I’ve stated before what an awful guitar player I am, well maybe not awful, but certainly not the greatest. This song is fast, I can’t stress that enough, and while I can’t tell you the exact bpm, I can tell you that when we went to record the song I wasn’t comfortable actually playing the rhythm track on it. The great thing about playing in a band with such talented musicians is we always have a contingency plan in place. Dan, our bassist, graciously stepped up to the task and recorded both the rhythm guitar and the bass tracks on this tune. This wouldn’t hinder us however; I had actually been using my down time from playing the song to incorporate electronics into the song. For my part, I wanted to add in sounds that would keep the song on edge and almost uncomfortable. I used a white noise filter and something resembling air raid sirens as well as a bass synth to keep the song menacing without overpowering the strings.
Our drummer Shane is a gift that keeps giving. Not only is he one of the greatest drummers I’ve ever heard locally, but he’s (and he’d probably laugh this off) an extremely poetic lyricist. He nailed the theme of the song perfectly with the lyrics. He captured the sarcasm and “holier than thou” attitude that I was looking for. I’m sure Matt may have rephrased some sections of the song, but they remained largely untouched.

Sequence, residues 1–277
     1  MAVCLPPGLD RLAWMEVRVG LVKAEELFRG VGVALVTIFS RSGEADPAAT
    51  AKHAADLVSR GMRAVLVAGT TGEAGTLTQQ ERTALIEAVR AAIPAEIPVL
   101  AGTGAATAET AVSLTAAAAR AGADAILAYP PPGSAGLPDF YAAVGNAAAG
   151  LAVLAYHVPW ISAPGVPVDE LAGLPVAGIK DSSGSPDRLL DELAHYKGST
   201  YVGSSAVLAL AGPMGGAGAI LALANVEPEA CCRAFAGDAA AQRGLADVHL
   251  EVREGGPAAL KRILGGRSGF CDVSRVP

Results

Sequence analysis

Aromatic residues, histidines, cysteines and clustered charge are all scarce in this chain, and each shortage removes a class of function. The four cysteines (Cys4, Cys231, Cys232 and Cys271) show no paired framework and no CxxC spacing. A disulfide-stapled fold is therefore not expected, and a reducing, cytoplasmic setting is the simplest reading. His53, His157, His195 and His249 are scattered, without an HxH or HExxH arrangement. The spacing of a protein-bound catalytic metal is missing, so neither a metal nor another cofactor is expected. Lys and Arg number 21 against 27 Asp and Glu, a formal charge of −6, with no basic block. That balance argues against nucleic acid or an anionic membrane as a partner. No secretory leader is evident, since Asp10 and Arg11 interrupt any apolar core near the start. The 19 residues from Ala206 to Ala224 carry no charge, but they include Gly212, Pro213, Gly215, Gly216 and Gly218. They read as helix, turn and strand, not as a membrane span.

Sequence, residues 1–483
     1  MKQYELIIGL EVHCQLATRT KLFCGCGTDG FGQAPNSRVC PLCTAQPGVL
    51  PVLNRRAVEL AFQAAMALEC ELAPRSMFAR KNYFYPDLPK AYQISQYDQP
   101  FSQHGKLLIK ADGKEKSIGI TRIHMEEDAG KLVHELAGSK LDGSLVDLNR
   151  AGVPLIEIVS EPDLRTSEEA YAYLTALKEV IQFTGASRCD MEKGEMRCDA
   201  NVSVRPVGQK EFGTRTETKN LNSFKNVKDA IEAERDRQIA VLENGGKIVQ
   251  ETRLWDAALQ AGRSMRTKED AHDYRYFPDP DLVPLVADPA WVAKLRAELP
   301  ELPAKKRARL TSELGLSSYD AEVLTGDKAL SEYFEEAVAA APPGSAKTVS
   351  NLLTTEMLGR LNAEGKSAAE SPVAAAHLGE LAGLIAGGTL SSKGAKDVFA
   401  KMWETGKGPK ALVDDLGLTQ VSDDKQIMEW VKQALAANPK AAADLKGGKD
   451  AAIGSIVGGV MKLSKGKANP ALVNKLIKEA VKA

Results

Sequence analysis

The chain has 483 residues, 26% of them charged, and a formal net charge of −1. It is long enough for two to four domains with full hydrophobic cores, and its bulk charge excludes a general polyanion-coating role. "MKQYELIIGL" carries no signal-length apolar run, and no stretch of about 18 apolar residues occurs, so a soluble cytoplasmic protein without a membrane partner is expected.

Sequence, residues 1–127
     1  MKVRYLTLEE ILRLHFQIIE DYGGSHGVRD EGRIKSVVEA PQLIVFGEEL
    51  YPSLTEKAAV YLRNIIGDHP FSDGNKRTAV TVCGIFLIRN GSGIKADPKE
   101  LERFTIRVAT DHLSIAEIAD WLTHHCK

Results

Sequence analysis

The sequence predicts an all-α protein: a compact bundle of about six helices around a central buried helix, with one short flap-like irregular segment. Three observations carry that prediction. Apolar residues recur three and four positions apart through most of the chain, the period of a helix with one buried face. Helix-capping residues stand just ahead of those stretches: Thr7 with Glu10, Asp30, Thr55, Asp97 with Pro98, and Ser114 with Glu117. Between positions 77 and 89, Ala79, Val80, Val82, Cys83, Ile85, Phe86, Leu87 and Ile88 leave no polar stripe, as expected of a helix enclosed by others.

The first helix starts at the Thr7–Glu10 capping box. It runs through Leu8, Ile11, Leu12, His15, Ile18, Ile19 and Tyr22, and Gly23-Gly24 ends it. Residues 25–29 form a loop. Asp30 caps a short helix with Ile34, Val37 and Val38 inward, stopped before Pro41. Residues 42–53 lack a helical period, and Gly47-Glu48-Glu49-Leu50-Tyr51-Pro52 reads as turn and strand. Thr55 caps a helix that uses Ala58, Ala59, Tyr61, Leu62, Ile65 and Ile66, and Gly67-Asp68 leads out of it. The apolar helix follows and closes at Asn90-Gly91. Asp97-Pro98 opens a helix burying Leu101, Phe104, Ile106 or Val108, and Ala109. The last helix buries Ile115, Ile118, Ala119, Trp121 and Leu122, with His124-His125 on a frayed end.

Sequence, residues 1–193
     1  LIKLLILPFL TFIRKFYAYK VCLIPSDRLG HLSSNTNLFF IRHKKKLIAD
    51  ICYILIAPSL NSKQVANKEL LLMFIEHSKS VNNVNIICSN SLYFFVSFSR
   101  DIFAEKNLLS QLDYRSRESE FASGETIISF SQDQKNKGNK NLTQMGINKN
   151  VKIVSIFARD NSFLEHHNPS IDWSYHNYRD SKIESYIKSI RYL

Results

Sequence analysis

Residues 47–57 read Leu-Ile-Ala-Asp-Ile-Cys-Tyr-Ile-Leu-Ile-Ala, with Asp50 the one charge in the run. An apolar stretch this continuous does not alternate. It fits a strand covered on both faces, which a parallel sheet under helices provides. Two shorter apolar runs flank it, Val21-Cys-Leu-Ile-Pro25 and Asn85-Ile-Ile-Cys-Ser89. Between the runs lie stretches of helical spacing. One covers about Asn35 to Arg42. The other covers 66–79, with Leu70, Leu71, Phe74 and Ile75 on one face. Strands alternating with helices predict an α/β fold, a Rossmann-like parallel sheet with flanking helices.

|Shane Mills is a gift that keeps on giving. Photo by Bigfoot Diaries|
Sequencing any release is an under-appreciated part of putting something together. Forgive me if I’m repeating myself, but an improperly sequenced album or ep can be disastrous for the listener. For the kind of music we play, front loading an album (or in this case ep) with the heavier or louder songs would leave the listener winded by the time they got to the more subdued and softer tunes. The opposite is also true; by putting the more melodic leaning songs up front, it could potentially lull the listener to sleep when the primary goal should be to have them actively listening and enjoying the music.
In the 11th hour before we went to record I sprung a new song on the guys that I really wanted to include on this release, however I knew it was going to increase the recording budget and add more stress on the guys by them having to learn a new song with less than a month to go before tracking started. The guys were gracious enough, agreeing to add it to the recording.